When it comes to wholesaling real estate, one of the traps people get into is not knowing their potential area.
What I mean is, when new wholesalers get a lead, they don’t look at the surrounding environment or they look at homes outside of that area.
Stop doing that.
But Jamil, how else am I supposed to find out the value of my property deal?
By comping, but comping in the right way, which gives you a more efficient and effective ARV than just randomly guessing.
And I’m going to show you how!
How to Comp Real Estate the Jamil Way
I know how you comp right now:
Advice from your friend who does real estate, gives you her list of rules, which is wrong
That same friend gives you pricing for a property, but when you talk to other wholesalers, they don’t understand where you got that number from
The $500 course you took that said you can go a mile away for your comps
Guys…all of these things, all of it, is WRONG!
Because buyers are looking for you to comp your properties the way an appraisal does.
Appraisers are the magic ingredient because they’re the ones who are going to tell you the actual value of a property.
The appraiser has a set of rules they follow that gets them to the actual value of a house and they are as follows:
Only comp houses +/- 200 sq feet
Only comp house +/- 5 years of construction
Only comp the same property type
Only comp lot size within 2500 sq ft
Don’t cross major roads
Don’t leave the subdivision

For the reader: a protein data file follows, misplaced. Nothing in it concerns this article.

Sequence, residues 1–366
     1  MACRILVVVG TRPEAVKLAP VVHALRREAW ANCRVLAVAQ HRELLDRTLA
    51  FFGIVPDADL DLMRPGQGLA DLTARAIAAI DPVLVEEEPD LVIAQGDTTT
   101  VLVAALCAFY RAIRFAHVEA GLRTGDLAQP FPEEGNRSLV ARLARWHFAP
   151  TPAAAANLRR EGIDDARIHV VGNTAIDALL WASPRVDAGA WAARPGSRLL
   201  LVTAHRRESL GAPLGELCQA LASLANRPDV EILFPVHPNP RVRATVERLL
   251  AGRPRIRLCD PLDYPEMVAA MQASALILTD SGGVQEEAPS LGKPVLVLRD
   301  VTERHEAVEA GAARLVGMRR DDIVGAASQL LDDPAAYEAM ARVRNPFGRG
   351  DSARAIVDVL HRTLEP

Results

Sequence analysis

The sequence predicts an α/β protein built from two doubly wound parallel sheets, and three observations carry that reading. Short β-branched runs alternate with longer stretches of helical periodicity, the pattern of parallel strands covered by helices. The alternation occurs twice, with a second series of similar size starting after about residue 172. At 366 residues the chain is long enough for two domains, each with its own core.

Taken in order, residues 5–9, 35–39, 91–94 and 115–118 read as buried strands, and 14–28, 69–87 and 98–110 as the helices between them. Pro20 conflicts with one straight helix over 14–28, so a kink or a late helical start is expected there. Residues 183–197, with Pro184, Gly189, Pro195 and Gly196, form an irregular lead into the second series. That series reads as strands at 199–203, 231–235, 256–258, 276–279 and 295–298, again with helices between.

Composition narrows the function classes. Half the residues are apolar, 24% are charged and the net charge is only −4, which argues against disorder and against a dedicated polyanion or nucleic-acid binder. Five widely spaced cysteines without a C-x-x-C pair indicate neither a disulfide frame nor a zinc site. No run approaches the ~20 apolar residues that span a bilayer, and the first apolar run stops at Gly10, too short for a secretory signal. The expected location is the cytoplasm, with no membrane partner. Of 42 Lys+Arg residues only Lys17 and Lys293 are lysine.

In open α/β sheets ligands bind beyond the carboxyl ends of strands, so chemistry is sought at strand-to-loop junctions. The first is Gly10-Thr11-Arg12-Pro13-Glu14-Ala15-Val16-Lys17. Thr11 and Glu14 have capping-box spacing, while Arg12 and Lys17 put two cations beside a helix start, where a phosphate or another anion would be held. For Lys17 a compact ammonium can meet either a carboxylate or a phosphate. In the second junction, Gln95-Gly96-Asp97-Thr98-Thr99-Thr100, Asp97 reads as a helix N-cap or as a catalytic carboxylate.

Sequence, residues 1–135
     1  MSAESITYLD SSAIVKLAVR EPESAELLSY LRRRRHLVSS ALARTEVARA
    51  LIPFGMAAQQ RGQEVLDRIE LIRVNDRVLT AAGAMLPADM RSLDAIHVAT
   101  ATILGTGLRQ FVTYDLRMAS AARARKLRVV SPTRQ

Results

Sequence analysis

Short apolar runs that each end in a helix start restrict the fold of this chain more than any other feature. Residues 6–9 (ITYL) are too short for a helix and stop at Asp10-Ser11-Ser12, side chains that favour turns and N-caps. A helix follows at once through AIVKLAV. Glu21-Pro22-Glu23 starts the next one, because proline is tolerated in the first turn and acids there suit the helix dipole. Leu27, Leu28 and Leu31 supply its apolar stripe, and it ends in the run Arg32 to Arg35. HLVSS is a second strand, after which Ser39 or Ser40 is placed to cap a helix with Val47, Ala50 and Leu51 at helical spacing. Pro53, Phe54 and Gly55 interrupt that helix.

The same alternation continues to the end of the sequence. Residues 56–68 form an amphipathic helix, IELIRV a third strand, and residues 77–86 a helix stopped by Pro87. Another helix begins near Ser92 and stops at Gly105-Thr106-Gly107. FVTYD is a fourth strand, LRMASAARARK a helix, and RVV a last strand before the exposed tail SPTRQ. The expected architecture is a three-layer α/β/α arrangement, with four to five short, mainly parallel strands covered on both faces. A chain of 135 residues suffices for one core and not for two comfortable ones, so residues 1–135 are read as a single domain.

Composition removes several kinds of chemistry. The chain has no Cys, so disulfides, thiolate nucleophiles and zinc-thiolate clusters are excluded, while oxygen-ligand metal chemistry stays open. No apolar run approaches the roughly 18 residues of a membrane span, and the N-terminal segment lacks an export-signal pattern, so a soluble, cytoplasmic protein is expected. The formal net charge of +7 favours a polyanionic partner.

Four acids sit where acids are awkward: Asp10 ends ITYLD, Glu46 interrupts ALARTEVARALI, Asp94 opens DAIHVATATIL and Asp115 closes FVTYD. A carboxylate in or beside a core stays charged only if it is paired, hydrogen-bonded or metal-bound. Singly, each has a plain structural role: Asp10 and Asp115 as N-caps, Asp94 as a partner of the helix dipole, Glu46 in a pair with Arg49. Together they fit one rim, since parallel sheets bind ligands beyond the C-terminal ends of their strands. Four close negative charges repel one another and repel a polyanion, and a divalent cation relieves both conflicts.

What Appraisal Rules Mean
Whew! That’s a long list, but what does it all mean?
Let’s look at the +/- 200 square footage rule. This rule means that you cannot comp a house that is more than 200 square feet.
So, for instance, if you have a house that is 800 square feet, you can only comp houses in that area that are 600 or 1000 square feet.
You cannot go outside of that range because the profit margins don’t relate.
This is the same for the +/- 5 years of construction; you cannot properly compare a house built in 1975 with a house built in 2005.
Do not compute.
It has to be within the years of 1970 or 1980.
One of the biggest misconceptions with comping that I see are new wholesalers trying to comp small property lots with larger property lots.
Even if the houses on each were built in the same year, have the same square footage, and are the same property type, it’s still NOT A COMP.
Again, you want to follow the appraisal rules to get the best numbers when it comes to ARV.
So, I’ve explained how appraisers look at properties and what rules they follow. Now, I’m going to show you how to EASILY start comping like a pro and for FREE!
Using the Zillow App to Comp Real Estate
Zillow is a popular real estate website, used by realtors, buyers, sellers, homeowners, etc.
Having it on your phone makes it easy for you to comp a property when you’re on the go or when you get a text about a lead.
Did I mention that it was free?
The way I use the app, I put the address of a property in the app, making sure that the option for homes for sale or that have recently been sold.
Then I’ll start looking at the homes in the area.
One thing I’ll look at is the Zestimate, which is the price that Zillow believes the home is worth and will sell for.
Usually, this is due to what was sold in the area previously, so this might be the ARV, but not always.
Once I have that as a base, I start looking at the homes in the area, again, making sure that I’m matching property, square footage, same subdivision, etc.
If you want to watch all of this in action, check out the video below:
And that’s it!
That’s how you go about comping properties the right way, so you get the most value for the property you want.
If you want more tips and tricks, as well as guidance and support, come join us in the Astro community!
Cause the more you flip, the more you want to do it!